Seborrheic keratosis (seb-o-REE-ik care-uh-TOE-sis) is a common skin growth. It may look worrisome, but it is benign (not cancer). These growths often appear in middle-aged and older adults. Some people get just one. It is, however, more common to have many. They are not contagious.
Most often seborrheic keratoses start as small, rough bumps. Then slowly they thicken and get a warty surface. They range in color from white to black. Most are tan or brown. They can appear almost anywhere on the skin.
Seborrheic keratoses can look like warts , moles, actinic keratoses, and skin cancer . They differ, though, from these other skin growths. Seborrheic keratoses have a waxy, “pasted-on-the-skin” look. Some look like a dab of warm, brown candle wax on the skin. Others may resemble a barnacle sticking to a ship.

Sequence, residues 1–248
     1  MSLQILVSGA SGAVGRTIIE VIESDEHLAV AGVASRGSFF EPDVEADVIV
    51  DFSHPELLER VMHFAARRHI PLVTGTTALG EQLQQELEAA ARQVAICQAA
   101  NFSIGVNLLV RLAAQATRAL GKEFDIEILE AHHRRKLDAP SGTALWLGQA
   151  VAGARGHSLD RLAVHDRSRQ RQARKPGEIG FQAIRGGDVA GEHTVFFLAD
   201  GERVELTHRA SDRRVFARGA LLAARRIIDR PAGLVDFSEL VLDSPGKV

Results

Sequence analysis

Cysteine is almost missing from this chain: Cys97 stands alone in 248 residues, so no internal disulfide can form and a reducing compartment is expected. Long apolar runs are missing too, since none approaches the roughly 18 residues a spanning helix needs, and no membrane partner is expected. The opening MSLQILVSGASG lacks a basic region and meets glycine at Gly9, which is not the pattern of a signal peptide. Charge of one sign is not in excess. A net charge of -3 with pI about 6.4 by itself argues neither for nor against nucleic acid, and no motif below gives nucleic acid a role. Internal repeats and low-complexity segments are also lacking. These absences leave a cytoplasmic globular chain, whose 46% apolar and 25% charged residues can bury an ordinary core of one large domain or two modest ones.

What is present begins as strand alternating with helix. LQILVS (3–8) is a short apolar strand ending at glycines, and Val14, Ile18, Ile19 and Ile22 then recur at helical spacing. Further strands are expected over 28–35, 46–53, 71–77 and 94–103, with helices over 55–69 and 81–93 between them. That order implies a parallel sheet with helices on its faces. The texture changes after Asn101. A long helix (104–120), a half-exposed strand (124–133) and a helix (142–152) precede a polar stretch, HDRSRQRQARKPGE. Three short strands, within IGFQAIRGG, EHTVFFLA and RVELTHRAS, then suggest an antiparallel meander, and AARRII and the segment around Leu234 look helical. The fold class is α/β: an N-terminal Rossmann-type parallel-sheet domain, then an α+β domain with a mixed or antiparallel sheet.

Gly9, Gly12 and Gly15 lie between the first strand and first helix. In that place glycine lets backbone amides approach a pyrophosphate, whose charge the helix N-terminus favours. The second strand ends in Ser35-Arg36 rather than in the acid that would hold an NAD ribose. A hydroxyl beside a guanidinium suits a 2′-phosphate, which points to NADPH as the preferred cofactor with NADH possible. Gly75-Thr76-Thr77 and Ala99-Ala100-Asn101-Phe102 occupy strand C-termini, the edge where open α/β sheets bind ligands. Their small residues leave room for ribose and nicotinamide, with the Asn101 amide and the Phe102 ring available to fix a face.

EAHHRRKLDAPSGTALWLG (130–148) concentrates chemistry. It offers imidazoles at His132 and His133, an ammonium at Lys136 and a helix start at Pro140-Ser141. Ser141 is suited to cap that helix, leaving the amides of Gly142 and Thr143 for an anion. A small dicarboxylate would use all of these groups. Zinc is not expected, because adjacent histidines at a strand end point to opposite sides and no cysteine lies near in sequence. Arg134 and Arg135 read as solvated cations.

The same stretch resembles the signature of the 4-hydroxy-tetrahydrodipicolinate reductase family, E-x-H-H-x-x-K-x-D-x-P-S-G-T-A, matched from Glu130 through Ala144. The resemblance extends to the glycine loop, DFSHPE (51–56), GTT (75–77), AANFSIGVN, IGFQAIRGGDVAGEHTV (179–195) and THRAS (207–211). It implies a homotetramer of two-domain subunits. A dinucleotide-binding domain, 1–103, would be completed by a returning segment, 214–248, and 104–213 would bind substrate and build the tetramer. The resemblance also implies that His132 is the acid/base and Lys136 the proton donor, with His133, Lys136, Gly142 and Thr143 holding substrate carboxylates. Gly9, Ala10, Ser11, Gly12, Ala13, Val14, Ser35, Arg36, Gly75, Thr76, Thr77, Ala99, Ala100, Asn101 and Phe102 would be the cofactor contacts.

Who gets seborrheic keratoses?
In most people, seborrheic keratoses first appear in middle age or later. People who are most likely to get these growths have family members with seborrheic keratoses.
Sometimes the growths appear during pregnancy or after estrogen replacement therapy. Children rarely have these growths.
What causes seborrheic keratoses?
The cause of seborrheic keratoses is unknown. We do know the following:
- Seborrheic keratoses seem to run in families. Some people seem to inherit a tendency to get many of these growths.
- Some studies suggest that sun exposure may play a role. But we know that these growths appear on skin that gets sun and skin that is always covered. So more research is needed.
- Seborrheic keratoses are not contagious. These growths may seem to multiply and spread to other parts of the body. The truth is, this does not happen.